The only way to effectively prevent this growth is to control the moisture. Once the materials have been contaminated, they must either be thoroughly cleaned or disposed.
The following guidelines are recommended for cleanup activities:
· Porous, absorbent, or spongy materials that remain wet for more than 48 hours should be cleaned throughout or thrown away.
· Fungi and bacteria will re-contaminate materials if they remain wet even after very thorough cleaning and disinfecting.
· If carpet or other materials become moldy or musty smelling, they are probably contaminated. Carpet cleaning professionals using hot water extraction methods may be able to remove the contaminants. If not, the carpet and padding should be replaced.
· Contaminated upholstered furniture, bedding and books are much more difficult to clean than carpet and should usually be thrown away because cleaning may be more expensive than replacement.
Handling and cleaning contaminated materials can result in massive exposures to mold, bacteria, viruses and other contaminants. Individuals with respiratory allergies, or other respiratory illnesses, should not handle or disturb materials that have visible mold growth.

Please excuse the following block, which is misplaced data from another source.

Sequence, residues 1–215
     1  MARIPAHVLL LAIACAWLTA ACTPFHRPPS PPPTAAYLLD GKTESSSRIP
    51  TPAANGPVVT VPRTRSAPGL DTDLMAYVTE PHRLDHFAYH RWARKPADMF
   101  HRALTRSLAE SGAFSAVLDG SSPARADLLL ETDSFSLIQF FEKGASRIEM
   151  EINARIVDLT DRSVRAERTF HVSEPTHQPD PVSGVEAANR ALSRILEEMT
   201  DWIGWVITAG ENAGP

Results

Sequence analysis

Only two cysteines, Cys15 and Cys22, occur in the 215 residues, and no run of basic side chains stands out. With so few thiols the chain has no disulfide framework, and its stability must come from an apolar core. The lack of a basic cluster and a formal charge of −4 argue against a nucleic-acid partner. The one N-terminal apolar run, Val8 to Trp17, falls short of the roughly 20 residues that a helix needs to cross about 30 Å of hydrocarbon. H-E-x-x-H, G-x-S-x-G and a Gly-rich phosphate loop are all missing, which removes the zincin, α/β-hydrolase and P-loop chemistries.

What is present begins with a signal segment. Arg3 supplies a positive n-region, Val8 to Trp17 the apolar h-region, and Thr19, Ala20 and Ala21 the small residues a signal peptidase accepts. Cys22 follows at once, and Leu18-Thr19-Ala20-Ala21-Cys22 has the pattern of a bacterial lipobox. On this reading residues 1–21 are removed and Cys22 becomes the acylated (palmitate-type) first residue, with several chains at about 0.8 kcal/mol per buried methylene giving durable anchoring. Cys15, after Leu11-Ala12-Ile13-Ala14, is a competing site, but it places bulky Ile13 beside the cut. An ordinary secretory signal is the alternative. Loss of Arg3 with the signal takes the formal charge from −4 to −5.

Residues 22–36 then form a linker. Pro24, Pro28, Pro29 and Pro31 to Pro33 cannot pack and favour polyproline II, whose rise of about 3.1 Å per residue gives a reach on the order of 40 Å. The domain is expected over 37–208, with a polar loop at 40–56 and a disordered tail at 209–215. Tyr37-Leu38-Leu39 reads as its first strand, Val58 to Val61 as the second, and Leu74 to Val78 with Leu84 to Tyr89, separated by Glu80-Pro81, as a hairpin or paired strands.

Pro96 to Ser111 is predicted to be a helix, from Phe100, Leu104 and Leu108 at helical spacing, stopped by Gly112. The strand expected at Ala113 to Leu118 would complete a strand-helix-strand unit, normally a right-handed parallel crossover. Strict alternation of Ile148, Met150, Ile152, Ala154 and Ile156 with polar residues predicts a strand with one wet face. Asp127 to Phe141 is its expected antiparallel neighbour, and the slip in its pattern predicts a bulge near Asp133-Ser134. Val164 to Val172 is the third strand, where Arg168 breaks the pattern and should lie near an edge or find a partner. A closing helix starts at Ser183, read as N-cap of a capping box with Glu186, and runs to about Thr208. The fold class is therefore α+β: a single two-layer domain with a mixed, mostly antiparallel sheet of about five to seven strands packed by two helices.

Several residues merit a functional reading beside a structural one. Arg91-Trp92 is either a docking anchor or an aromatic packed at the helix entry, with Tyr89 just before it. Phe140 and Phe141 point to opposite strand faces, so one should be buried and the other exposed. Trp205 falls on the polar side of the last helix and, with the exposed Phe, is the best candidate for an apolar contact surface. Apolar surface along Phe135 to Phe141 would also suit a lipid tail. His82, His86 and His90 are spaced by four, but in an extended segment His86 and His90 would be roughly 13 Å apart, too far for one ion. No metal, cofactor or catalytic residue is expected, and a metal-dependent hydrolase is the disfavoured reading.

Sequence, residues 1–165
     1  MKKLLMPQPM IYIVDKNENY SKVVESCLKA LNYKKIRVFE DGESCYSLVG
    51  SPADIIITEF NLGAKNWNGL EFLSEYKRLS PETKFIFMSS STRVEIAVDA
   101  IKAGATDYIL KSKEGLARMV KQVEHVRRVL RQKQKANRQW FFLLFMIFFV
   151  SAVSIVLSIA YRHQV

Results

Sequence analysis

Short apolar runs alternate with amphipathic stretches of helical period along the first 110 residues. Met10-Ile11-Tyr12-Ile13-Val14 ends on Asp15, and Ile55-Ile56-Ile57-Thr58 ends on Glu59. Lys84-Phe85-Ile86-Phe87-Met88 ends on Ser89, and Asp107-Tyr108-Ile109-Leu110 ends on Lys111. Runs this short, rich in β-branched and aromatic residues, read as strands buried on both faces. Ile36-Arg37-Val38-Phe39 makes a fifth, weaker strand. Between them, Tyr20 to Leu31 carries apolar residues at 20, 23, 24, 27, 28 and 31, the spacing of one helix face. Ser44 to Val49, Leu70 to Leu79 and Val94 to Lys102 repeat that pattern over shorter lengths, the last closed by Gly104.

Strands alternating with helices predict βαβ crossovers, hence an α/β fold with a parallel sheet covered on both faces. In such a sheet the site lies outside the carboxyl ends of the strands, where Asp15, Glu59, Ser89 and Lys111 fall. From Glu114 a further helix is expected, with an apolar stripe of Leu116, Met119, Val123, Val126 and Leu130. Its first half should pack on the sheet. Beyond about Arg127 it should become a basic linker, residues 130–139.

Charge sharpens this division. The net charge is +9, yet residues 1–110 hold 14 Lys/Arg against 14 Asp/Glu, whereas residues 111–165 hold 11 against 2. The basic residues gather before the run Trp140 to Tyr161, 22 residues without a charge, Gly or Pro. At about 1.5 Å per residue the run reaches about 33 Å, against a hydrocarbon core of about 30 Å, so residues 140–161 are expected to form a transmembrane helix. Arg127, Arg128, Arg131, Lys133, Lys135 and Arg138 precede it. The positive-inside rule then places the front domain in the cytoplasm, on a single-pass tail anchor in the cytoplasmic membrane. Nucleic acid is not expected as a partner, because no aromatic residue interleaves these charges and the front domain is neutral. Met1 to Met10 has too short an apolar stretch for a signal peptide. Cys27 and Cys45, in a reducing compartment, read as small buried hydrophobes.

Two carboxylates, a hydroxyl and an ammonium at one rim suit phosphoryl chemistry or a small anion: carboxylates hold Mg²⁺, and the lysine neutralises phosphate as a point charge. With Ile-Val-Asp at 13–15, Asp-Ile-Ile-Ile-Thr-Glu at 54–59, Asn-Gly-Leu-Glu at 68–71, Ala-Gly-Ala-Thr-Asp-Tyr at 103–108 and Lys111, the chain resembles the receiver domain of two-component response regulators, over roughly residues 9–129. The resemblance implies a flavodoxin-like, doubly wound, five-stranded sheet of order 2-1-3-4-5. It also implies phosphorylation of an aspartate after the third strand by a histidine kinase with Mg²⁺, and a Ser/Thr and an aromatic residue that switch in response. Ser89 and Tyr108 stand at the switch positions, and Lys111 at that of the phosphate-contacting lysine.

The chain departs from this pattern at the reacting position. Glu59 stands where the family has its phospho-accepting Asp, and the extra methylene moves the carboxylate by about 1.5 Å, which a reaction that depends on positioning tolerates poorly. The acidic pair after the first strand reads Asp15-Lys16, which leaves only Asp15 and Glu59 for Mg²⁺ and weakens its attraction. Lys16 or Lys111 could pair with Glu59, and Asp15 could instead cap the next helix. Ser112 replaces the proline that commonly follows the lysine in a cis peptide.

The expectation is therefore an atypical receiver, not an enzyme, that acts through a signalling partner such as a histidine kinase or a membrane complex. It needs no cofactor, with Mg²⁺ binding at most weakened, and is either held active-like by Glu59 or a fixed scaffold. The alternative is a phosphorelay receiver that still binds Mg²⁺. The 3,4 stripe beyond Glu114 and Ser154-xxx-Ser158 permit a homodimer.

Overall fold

Professional cleaning companies using appropriate personal protective equipment should be used if contamination is extensive.
The Louisiana Department of Health and Hospitals strives to protect and promote health statewide and to ensure access to medical, preventive and rehabilitative services for all state citizens. To learn more about DHH, visit http://www.dhh.louisiana.gov.